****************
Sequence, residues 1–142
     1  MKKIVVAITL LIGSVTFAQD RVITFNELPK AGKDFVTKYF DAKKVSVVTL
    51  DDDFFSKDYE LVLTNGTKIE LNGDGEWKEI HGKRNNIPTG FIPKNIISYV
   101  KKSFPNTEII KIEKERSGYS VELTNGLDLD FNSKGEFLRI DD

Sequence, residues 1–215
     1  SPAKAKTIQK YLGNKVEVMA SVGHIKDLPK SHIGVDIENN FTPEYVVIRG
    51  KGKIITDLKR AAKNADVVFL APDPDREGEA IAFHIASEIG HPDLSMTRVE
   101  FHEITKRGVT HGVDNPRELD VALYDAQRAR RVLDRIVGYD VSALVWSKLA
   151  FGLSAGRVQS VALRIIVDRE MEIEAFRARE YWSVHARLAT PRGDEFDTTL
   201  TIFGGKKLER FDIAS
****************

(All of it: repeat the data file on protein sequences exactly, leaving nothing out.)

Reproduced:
Sequence, residues 1–142
     1  MKKIVVAITL LIGSVTFAQD RVITFNELPK AGKDFVTKYF DAKKVSVVTL
    51  DDDFFSKDYE LVLTNGTKIE LNGDGEWKEI HGKRNNIPTG FIPKNIISYV
   101  KKSFPNTEII KIEKERSGYS VELTNGLDLD FNSKGEFLRI DD

Sequence, residues 1–215
     1  SPAKAKTIQK YLGNKVEVMA SVGHIKDLPK SHIGVDIENN FTPEYVVIRG
    51  KGKIITDLKR AAKNADVVFL APDPDREGEA IAFHIASEIG HPDLSMTRVE
   101  FHEITKRGVT HGVDNPRELD VALYDAQRAR RVLDRIVGYD VSALVWSKLA
   151  FGLSAGRVQS VALRIIVDRE MEIEAFRARE YWSVHARLAT PRGDEFDTTL
   201  TIFGGKKLER FDIAS